As for The Towing Company, Starck says they will have the fleet ready for July 20th. Beyond this, the newbuild program will soon produce five new hulls, each replacing two aging assets each. Built to ABS Class, GLS Hull Numbers 6501–6510 will be among the first tugs built to meet the new USCG Subchapter M Regulations. With a nod to the coming pressures and expense associated with subchapter M, Starck insists, “It’s really to eliminate the 10 boats that have the highest cost of maintenance and repair coming down the road. So these are boats that we’re just not going to put the money into for Subchapter M. And reducing the fleet is going to reduce the overall maintenance bill.” All while maintaining the same amount of collective power and bollard pull.

GLG’s newest tugs are prudently using some of the so-called VW Dieselgate funding, coming in through the Ohio EPA, as well as the more familiar Diesel Emission Reduction Act (DERA) Grants. That’s important because the money defrays as much as 40 percent of the cost of the propulsion system, or in total, about 10 percent of the cost of the tug.

Separately, the shipyard is a major contractor for the U.S. Coast Guard, U.S. Geological Survey, U.S. Army Corps of Engineers, EPA, and many other federal, state and local governments. Tell us about some of the more significant vessels you’ve produced in this sector. With a look out the window, Starck pointed to his latest project. “We do a lot of ship repair. The Coast Guard tug that we hauled out yesterday, it’s here for about 50 days. We service at least one of those annually. Separately, there are six, 140-foot ice breaking tugs on the lakes. Two of those are paired with buoy tending barges, and we try to win those contracts every year.”

The Great Lakes Shipyard works hard to keep that business. “All the science vessels, they are regularly dry docked. The Corps of Engineers has a lot of tugs and barges between the Buffalo district and the Detroit district – we’ve lifted all of those over the years. And then, EPA, NOAA, Fish and Wildlife and the US Geological Survey all have research vessels. All these different agencies have research vessels all over the lakes, and we dry dock just about every single one of them.”

  • Blowin’ in the Wind Just Around the Next Bend

The excitement over offshore wind in Lake Erie is evolving into a reality that some say could get the final go-ahead as early as October of this year. If and when it does come, GLG and Starck will pursue business opportunities in that sector through the shipyard; building (turbine) foundations, and then hopefully employing the towing operation to support the installation developer. It’s not ‘pie-in-the-sky’ talk.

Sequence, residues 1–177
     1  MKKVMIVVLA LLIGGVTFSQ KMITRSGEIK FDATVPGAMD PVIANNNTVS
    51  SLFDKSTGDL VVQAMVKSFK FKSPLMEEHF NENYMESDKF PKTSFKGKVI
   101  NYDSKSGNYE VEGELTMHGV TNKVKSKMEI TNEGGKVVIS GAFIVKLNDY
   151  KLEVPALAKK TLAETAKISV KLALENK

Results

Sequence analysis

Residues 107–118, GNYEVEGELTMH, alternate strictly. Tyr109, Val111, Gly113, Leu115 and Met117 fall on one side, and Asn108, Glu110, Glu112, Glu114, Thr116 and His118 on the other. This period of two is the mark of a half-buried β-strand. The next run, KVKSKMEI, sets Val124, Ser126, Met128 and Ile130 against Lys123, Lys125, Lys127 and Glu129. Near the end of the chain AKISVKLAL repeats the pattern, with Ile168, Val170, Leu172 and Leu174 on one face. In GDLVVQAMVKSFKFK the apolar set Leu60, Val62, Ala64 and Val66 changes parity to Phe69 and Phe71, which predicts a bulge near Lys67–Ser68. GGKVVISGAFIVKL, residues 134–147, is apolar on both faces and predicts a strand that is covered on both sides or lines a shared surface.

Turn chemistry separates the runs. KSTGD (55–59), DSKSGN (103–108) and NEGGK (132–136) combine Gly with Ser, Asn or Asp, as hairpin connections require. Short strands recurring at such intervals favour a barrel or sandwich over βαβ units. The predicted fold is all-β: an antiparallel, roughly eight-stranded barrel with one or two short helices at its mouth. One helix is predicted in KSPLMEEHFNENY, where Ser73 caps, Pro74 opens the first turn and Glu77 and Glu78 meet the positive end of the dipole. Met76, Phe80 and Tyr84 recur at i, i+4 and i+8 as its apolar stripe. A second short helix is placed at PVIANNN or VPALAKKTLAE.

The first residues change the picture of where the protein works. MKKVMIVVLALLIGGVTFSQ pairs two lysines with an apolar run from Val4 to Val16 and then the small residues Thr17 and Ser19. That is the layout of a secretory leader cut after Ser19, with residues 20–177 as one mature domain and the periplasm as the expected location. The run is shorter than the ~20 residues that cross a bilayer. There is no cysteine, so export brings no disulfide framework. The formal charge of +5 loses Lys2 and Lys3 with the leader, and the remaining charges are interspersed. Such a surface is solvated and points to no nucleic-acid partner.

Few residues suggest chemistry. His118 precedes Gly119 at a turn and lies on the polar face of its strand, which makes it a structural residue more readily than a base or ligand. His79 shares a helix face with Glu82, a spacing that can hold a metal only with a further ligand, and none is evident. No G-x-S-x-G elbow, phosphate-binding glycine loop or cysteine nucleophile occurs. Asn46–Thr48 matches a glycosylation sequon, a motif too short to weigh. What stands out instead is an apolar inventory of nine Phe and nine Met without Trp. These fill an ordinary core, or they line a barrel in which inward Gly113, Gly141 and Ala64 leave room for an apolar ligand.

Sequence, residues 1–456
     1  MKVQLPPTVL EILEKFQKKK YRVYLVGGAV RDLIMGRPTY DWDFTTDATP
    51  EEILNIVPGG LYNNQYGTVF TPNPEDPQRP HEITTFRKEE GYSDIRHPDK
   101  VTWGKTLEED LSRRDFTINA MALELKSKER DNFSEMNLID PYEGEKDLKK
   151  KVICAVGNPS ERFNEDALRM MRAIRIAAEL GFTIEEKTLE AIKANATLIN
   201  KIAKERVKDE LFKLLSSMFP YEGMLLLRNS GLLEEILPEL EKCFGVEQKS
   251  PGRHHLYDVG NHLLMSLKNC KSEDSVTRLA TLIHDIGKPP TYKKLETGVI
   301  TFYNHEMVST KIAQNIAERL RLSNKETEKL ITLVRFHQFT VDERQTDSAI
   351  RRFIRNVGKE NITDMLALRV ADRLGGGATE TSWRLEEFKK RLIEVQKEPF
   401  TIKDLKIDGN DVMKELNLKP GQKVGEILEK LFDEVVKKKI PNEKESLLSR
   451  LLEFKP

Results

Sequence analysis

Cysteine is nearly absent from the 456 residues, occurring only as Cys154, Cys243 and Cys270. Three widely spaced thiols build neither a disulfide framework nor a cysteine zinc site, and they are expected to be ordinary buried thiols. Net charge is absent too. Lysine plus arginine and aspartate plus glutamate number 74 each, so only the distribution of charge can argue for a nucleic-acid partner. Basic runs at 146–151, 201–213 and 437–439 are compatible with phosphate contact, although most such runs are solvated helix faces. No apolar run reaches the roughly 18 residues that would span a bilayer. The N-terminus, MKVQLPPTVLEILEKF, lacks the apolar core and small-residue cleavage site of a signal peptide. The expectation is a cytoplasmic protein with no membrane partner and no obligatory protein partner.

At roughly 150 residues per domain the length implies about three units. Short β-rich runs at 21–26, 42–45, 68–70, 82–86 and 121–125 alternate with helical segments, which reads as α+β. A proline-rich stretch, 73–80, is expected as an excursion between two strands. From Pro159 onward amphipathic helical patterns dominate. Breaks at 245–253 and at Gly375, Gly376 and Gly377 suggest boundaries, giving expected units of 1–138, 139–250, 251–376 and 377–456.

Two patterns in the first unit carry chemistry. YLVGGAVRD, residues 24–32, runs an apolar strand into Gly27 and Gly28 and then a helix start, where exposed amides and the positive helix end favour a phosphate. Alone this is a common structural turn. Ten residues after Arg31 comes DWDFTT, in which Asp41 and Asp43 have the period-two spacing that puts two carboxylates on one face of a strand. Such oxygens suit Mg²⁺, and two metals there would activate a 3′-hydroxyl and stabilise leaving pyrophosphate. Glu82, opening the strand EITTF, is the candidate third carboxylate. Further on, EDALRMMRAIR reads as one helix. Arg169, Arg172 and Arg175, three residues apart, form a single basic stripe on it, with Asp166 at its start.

Starck fully expects to compete for, and win some of that logistics business. “We’re limited to a 78-foot wide seaway, so the [wind support] equipment that is available in the world can’t fit through that seaway.” He adds enthusiastically, “I don’t see how it cannot move forward, there’s been so much time and money and effort put into it. And, the pilot program is for eight wind turbines, but ultimately there could be hundreds out there. We absolutely hope to be a part of it.” In anticipation of offshore wind, coming newbuild opportunities, and continued repair work, the shipyard has embarked upon a four phase Shipyard Expansion Project.

With two adjoining land two parcels that the firm was preparing to close on at the time of this interview, the GLG team intends to add as much as 5 acres to the west of the existing property, providing much needed ‘laydown’ space for future building and growth. Suffice it to say that there are a lot of moving pieces to those plans, but the ultimate goal is to build a tugboat factory on that property with facilities big enough that the Travelift can be driven directly onto it.

“Actually,” says Starck, “It will involve about 8 more acres total and a lot of space for new construction. And we’ll also be able to do repair inside, which is one of the big issues we have here, you know, when we haul a boat out of the water in the wintertime, working out in the elements is not all that efficient. If we can bring the boat inside and do maintenance, repair and painting, so much the better.”

  • Looking Ahead

Starck’s vision for what comes next is simple. “We’re an old company and a small company, but we see a future here. The Great Lakes is not a dying industry. There’s a lot of investment; our customers are investing, the ports are investing, the cargo interests are investing and we see the future and we’re investing in the future, as well. These new tugs are a representation of that. We’ve built this entire new shipyard, and we’re continuing to expand it.” Borrowing a page from Port of Cleveland CEO William Friedman, he adds, “We believe we’re all in this together with the shipowners and the ports and the cargo interests, and we want to make it happen. And, we’re going to give it our best shot.”

This article first appeared in the July print edition of MarineNews magazine.

Marine News Magazine, page 34,  Jul 2018